Electoral vs. Popular. Does Your Vote Count?

I have heard a lot of my peers say that they believe their vote in this years Presidential Election does not matter. And it too, has made me wonder. Most people I have talked to know there is a popular and electoral vote and that they fall within the popular vote. But how exactly do they work? It certainly has no simple explanation, but I have found a few sources and will try to give you a general idea of how it does work (with a little american history involved).

Every 4 years, the people of the United States elect a President, indirectly Here’s how David Walbert breaks it down:

  1. In November of a presidential election year, each state holds an election for president in which all eligible citizens may vote. Citizens vote for a “ticket” of candidates that includes a candidate for president and a candidate for vice president.
  2. The outcome of the vote in each state determines a slate of electors who then, in turn, make the actual choice of president and vice president. Each state has as many electors as it has senators and members of the House of Representatives, for a total of 538.
  3. In December, the electors meet in their respective state capitols to cast their ballots for president and vice president. States may or may not require their electors to vote with the popular majority, and they may or may not give all of their electors to the winner of the statewide popular vote.
  4. These ballots are opened, counted, and certified by a joint session of Congress in January.
  5. If no candidate wins a majority of the electoral votes or if the top two candidates are tied, the House of Representatives selects a president from among the five candidates with the most votes. Each state’s delegation has a single vote. The Senate selects a vice president by the same process.

This means that a candidate who wins the national vote does not necessarily become the president. That’s because there is no national election for president, only separate state elections. Electors are pledged to cast their vote conformed to the popular vote of the people, from that state. In rare cases, faithless voters go against the popular vote and do not vote for their party’s designated candidate. There are 24 states with laws that punish faithless voters (Washington being one of them).

States with laws that punish faithless voters. Photo Credit: Wikipedia.

As Walbert pointed out, it’s useful to think of the Constitution as an experiment-as a work in progress. He describes one of the biggest issues of the time of the Constitution’s adoption was how much power the people should have.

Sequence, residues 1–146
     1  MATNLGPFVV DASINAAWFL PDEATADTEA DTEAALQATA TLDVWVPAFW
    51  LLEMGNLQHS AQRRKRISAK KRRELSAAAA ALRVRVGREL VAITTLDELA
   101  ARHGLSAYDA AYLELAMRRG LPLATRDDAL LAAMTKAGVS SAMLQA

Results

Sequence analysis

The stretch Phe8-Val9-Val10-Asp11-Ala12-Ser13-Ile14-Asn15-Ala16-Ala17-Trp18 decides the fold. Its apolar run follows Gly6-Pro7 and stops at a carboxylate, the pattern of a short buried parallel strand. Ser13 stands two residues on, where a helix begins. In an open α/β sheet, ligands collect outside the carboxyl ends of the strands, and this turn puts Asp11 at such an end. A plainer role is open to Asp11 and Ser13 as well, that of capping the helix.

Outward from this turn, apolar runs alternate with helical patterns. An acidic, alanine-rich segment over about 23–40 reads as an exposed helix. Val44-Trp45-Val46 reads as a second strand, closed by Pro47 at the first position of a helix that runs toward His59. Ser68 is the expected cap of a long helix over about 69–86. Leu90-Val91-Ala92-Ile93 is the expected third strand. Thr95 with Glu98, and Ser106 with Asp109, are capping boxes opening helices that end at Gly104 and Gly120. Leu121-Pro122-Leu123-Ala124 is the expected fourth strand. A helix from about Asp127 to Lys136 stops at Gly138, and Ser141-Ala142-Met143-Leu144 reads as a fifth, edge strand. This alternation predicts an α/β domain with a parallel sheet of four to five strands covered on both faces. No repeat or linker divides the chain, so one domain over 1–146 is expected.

Small states small states were concerned about being swallowed up by more populated states such as Virginia. That is why it was decided to have equal representation in Senate and representation by population in House of Representatives.

The electoral college was a compromise based on how much power the people should have, and how much power small and large states should have. When it came to voting for a president the original “framers” for the Constitution (Madison, Jefferson, Franklin, King, etc.) believed that states should do the voting not the people. This was partly because, as Walbert puts it, there was no consciousness of “United States as a single nation” but rather a union of separate states. Therefore, the compromise was extended to the electoral college.  In the beginning, state legislatures voted for electors, who in turn voted for the president and vice president. Electors were free to vote for the candidate of their choice, but over time they were increasingly elected because they supported a particular candidate.

Walbert notes that the original Constitution did not take into account political parties. It used to be that there was an election for two candidates for president, the candidate with the most was president and the other candidate with the least would become vice president. Of course, the 12th amendment changed this.

Does The Popular Vote Matter?

Yes.

But I cannot stress enough that a president is not chosen by a national popular vote. Electoral votes are awarded based on the plurality of popular votes in each state. 48 states work off a system known as the winner-takes-all rule. Which is the majority of popular votes for that state means the candidate takes the electoral votes from that state.

(Nebraska and Maine are the two that do not use winner-takes-all but proportional voting which means there could be a split in the electoral votes.)

What is interesting is that your vote may count more or less than in other states, here is how.

It may seem that your opinion is up against millions of others but the fact is that your are entitled to that. And voting is your opportunity to voice such through a collective of many others. Even if the person you have voted for does not win the election, it does not mean you have not done your civic duty.

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